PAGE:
PBR and Detroit Cobras in Bay View

Jul. 25, 2008
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Full disclosure: Iím one of those guys, one of those obnoxiously proud Bay View residents. I support the neighborhoodís businesses, eat at its restaurants, spend many weekends in a continuous loop from the Palomino, Cactus Club and Burnhearts, and have frequent conversations with friends about why they should move here. Iím never so delusional as to argue that Bay View is Milwaukeeís next East Sideitís appeal isnít as wide and itís pockets arenít as deep as that neighborhoodbut for a certain sect of Milwaukeeans, particularly twenty and thirtysomethings looking for a safe, affordable place to settle down near a lively arts and bar scene, Bay View offers everything you need.

Itís with that disclaimer that Iíll beam about the neighborhoodís Pabst Blue Ribbon Street Party today, one of the most fun of the cityís many outdoor festivals Iíve attended this year, and a low-key alternative to the increasingly business-driven Brady Street Festival. It was every bit as no-frills as youíd expect from the sponsor, little more than a music stage and beer tent (there was also a crafts stand and a food booth, along with some simple party games), but the crowd was friendly and festive, and the music was a blast. John the Savage did a typically cacophonous set, the Rusty Psí amiable, ďadultĒ hip-hop was a perfect match for the sunny day, and between sets DJ Madhatter killed with a mix tailored for the crowdís tastes, leaning as heavily on alternative acts like Janeís Addiction and The Ramones as staples like Jay-Z and James Brown.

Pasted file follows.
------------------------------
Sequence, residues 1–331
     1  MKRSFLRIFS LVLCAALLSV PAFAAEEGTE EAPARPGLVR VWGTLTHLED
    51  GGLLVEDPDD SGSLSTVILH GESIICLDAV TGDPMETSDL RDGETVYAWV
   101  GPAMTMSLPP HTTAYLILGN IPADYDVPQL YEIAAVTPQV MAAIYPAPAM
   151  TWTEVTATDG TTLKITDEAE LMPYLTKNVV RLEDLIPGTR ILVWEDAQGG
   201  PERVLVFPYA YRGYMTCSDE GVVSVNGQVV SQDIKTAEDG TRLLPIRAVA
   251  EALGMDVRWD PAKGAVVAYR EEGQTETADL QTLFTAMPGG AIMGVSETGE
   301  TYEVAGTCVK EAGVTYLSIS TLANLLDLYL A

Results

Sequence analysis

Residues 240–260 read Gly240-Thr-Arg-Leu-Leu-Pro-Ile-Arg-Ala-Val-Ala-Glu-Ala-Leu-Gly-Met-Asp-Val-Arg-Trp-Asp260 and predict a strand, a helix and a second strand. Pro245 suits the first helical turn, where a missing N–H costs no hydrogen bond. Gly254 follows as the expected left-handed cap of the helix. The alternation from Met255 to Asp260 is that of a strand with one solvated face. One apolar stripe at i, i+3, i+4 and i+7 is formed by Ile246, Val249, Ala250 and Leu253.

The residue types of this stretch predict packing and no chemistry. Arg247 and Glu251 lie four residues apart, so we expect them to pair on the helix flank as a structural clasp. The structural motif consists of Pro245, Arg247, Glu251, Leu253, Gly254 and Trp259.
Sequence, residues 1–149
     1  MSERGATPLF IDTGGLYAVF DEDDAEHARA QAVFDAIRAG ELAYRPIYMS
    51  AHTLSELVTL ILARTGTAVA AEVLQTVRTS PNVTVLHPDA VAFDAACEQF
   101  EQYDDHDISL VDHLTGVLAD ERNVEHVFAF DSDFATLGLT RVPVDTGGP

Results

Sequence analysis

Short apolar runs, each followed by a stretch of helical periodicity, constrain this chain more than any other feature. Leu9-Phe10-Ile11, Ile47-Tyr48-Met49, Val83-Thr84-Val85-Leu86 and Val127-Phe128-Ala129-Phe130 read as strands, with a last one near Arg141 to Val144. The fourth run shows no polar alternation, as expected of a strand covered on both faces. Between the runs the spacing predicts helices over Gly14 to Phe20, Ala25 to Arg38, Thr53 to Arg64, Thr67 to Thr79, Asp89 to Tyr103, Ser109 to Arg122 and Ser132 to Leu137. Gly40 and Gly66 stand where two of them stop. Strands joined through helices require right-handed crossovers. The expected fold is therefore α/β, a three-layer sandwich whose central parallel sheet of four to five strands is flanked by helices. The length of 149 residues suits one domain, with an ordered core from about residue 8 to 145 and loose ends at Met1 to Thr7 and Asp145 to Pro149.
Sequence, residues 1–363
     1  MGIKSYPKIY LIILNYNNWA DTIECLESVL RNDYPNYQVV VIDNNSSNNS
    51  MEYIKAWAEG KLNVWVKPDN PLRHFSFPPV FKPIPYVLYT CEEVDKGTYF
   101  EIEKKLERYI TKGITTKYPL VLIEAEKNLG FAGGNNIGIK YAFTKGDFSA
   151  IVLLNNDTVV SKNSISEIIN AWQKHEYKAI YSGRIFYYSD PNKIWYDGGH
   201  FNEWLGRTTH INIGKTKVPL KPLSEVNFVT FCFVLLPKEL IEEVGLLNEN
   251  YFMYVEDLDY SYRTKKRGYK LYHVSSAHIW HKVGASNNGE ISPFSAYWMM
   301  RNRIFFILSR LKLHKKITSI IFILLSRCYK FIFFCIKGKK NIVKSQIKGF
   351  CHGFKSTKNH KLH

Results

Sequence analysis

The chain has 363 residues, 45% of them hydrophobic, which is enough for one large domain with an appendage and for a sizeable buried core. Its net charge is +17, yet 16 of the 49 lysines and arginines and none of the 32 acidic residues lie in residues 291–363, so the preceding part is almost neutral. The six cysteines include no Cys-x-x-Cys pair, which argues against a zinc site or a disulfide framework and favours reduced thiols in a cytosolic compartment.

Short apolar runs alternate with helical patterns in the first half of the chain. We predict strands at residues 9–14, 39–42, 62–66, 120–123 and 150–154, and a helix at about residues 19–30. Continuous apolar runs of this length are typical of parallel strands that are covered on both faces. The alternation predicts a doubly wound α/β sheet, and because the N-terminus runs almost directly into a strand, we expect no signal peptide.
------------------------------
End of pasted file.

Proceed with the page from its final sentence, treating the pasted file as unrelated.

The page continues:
Proudly slathered in PBR stickers, The Detroit Cobras were a fitting headliner. Like the neighborhood for which they performed, the Detroit garage-rock cover band is unpretentious and fun-loving, and they revere an earlier, un-ironic period of rock íní roll (Bay View is, after all, the center of Milwaukeeís straight-faced rockabilly scene.) With good-natured rowdiness, the Cobras covered songs like ďThe TwistĒ and plenty of rarities from that era for a crowd that, while tattooed, trendy and young, was never so self-conscious as to disguise their blue-collar roots. Can of beer in one hand, and often a dog leash in the other, they took in the dayís simple pleasures, partying like true Milwaukeeans.


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